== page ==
Five-year-old Beau is a true cowboy.
Born and raised in Taralga, a small town near Goulburn, Beau has a passion for rodeos and particularly enjoys the thrill of watching the bull and sheep riding events. He wants to become a professional bull rider when he grows up. His dreams are big but so is the journey ahead.
Beau, one of our 2016 Radiothon Ambassadors, has a rare degenerative genetic disorder known as Mucopolysaccharidosis IVA-Morquio Syndrome (MPS IVA). The condition causes various bone and skeletal abnormalities and is estimated to affect just 3000 people worldwide. Sadly though, there is currently no cure.
Beau’s family received the devastating diagnosis just after his first birthday.
“Beau didn’t present with the typical traits for MPS IVA, which is why it took so long to diagnose. He was growing too quickly in utero and then was growing two centimetres every two weeks after he was born. This alerted us to a problem. We were initially looking at overgrowth conditions but after 13 months of testing, doctors diagnosed Beau with MPS IVA,” his Mum, Sam, said.
“We were totally devastated. It’s a terminal condition and because it’s so rare there was not a lot of information and the information that was available was dire. We mourned the future we had envisioned for him.”
For Beau, his condition means he has short stature as well as issues with his eyes, ears, respiratory system, hips, legs, back and hands. He has already needed 14 operations, countless MRI’s and a host of other specialist appointments.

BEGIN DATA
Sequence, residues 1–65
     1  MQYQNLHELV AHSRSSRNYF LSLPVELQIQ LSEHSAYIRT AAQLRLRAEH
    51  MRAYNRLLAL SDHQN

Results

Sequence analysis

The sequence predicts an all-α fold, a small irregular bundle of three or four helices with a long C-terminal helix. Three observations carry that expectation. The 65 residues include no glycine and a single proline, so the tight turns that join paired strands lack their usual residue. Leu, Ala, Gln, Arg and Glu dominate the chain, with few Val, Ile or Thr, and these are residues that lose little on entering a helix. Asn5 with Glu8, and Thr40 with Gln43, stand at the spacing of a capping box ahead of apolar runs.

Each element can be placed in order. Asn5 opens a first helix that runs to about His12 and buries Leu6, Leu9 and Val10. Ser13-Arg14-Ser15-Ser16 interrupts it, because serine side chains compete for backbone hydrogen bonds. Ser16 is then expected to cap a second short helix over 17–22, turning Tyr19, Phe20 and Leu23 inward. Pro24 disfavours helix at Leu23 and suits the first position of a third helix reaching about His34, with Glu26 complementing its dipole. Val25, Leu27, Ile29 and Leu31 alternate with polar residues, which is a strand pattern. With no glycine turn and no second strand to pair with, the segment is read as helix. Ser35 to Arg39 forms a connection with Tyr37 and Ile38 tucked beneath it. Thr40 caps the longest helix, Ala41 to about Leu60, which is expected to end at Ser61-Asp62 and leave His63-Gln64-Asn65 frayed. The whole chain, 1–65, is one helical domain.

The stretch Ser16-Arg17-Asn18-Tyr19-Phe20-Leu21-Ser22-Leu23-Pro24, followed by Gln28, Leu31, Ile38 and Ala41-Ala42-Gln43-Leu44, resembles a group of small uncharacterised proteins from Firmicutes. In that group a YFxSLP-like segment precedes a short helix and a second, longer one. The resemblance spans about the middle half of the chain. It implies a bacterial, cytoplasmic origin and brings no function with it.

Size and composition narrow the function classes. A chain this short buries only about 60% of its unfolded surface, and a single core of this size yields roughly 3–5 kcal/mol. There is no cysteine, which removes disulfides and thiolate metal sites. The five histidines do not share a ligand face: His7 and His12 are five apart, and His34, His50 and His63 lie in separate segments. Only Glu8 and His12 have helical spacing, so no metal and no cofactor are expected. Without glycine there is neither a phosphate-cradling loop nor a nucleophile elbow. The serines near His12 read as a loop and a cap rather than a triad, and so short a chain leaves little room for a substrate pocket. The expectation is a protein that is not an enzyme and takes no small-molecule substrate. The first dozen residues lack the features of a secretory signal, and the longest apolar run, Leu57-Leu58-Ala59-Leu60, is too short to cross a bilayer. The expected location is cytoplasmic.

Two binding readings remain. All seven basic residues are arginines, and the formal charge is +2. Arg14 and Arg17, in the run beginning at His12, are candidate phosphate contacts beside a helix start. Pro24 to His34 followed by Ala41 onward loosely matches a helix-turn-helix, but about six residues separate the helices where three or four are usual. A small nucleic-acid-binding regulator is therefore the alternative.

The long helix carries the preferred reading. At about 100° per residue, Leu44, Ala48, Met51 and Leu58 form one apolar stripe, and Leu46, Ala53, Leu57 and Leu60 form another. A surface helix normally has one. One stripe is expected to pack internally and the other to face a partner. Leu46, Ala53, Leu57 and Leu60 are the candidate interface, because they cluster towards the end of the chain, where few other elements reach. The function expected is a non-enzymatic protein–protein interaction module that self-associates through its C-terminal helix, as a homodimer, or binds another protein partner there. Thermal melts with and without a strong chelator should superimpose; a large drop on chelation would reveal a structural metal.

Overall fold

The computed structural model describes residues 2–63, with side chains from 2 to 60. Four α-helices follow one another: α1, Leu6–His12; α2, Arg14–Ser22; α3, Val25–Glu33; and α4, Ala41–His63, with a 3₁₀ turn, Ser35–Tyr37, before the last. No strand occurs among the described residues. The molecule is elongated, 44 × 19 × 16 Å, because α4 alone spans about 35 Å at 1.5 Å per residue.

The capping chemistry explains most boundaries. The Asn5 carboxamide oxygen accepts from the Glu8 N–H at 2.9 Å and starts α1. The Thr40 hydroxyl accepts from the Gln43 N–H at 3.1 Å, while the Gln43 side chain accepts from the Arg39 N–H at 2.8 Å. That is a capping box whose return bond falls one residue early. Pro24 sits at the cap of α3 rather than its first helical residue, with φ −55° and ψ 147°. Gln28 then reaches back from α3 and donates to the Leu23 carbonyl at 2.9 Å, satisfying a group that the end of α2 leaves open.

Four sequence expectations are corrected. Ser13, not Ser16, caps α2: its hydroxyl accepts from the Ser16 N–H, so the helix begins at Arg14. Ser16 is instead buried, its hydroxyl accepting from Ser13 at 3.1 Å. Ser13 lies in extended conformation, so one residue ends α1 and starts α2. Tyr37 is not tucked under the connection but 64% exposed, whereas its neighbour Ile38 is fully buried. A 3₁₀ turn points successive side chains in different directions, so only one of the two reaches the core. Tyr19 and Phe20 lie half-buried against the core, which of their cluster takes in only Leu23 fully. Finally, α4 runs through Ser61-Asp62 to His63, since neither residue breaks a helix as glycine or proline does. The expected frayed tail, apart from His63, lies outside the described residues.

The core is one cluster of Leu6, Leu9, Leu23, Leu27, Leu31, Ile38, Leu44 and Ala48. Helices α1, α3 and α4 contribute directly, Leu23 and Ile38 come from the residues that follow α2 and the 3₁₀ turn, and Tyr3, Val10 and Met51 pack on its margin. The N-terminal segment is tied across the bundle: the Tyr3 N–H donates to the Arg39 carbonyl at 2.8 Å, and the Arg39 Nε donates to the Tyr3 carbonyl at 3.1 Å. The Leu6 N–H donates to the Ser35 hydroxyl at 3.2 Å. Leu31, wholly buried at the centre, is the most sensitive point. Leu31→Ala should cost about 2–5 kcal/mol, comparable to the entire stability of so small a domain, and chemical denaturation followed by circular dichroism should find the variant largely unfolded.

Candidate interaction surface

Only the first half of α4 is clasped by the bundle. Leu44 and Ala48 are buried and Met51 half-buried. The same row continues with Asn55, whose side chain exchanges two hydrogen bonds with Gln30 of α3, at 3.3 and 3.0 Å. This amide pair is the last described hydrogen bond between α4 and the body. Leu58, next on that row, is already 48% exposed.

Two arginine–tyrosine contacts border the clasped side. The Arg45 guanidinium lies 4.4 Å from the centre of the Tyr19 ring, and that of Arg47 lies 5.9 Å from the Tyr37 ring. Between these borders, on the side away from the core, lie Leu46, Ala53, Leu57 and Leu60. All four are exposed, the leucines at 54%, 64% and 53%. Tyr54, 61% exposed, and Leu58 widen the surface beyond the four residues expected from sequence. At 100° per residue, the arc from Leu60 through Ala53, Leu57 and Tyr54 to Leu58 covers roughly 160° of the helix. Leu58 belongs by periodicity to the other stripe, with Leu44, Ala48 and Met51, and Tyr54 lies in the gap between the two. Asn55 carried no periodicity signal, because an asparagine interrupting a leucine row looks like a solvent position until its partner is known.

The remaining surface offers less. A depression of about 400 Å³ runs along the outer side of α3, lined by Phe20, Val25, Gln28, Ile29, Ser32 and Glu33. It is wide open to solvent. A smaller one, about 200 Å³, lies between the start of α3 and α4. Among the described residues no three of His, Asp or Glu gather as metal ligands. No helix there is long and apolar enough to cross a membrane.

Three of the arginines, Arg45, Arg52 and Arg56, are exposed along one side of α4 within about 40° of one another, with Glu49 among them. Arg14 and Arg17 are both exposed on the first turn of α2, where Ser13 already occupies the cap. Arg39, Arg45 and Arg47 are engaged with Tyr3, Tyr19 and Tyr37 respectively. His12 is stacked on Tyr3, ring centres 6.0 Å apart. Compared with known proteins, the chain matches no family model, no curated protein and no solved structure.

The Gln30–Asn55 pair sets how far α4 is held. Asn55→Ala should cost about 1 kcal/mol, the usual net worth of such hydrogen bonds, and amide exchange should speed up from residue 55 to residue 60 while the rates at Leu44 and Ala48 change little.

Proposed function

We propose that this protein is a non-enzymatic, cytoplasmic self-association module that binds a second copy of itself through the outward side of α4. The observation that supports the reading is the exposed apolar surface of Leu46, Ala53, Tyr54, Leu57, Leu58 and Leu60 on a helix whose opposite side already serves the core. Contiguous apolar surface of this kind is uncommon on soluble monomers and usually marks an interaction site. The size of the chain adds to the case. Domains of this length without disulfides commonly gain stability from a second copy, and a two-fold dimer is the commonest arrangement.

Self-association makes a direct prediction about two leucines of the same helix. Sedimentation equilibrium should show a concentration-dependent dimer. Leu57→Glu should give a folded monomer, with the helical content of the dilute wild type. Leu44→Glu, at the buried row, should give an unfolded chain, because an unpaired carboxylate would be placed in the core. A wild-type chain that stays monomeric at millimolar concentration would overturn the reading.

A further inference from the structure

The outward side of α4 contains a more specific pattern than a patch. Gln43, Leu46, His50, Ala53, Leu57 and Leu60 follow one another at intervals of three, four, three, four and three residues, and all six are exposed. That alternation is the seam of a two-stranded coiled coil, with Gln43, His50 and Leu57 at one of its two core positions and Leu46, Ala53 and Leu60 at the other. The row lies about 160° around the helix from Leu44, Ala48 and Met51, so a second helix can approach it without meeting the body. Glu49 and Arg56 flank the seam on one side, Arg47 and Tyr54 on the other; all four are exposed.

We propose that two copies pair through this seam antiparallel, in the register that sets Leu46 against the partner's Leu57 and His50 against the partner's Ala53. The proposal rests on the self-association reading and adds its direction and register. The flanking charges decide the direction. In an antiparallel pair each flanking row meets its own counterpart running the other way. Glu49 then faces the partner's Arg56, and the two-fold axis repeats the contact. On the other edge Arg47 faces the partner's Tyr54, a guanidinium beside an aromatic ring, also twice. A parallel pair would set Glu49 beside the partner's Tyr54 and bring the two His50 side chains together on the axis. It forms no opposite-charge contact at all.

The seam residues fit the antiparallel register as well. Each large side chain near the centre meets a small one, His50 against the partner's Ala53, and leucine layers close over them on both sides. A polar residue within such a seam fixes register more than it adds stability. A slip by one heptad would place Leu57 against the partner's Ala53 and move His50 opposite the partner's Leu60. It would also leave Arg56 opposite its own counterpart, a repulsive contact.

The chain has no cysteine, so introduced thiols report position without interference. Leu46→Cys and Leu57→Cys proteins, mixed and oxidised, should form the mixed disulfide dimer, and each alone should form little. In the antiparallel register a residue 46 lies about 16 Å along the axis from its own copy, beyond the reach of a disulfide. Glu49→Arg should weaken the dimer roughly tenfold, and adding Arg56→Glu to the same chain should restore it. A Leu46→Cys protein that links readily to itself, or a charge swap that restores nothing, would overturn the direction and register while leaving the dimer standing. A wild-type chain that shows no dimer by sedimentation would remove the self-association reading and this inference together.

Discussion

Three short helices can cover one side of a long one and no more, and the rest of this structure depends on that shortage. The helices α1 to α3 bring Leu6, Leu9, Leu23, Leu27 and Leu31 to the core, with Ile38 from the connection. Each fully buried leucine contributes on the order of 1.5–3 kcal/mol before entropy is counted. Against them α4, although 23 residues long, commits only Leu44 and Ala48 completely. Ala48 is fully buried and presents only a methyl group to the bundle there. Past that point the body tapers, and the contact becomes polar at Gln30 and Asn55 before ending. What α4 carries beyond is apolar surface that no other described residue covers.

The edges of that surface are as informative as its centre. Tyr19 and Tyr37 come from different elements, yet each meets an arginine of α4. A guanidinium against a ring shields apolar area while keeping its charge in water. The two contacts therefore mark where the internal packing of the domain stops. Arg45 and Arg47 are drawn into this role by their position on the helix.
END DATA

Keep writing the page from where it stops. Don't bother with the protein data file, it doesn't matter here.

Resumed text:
Normally these issues would continue to worsen with age but thankfully for Beau, doctors had a plan.
When he was three, doctors started Beau on enzyme replacement therapy as part of a clinical drug trial and it has turned his life around.
“Thanks to our awesome metabolic team and the drug trial, Beau can still walk, attend school and play cricket with his friends. We mourned over our dreams for him at diagnoses but now with the drug trial, we have them back. Ultimately, we now can hope for him to be a happily married adult with kids if that’s what he wants,” Sam said.
Beau is required to have the enzyme replacement therapy weekly. Every Tuesday, Beau and his family embark on the 500 kilometre round trip from his hometown to the Hospital for his six-hour infusion. It is a huge journey but one that his Mum, Sam, says is just part of life now.
“The Hospital has become our second home. We have been there once a week for the last 142 weeks but our surgeons have all done brilliant jobs and we love our nurses. The staff have made a pretty horrible experience not only bearable but lots of fun.”
While brave little Beau’s treatment will be ongoing and he is expected to need between 30-50 surgeries in his lifetime, for now, the future is optimistic.
“The Children’s Hospital at Westmead has not only given us hope, it has given Beau a future.”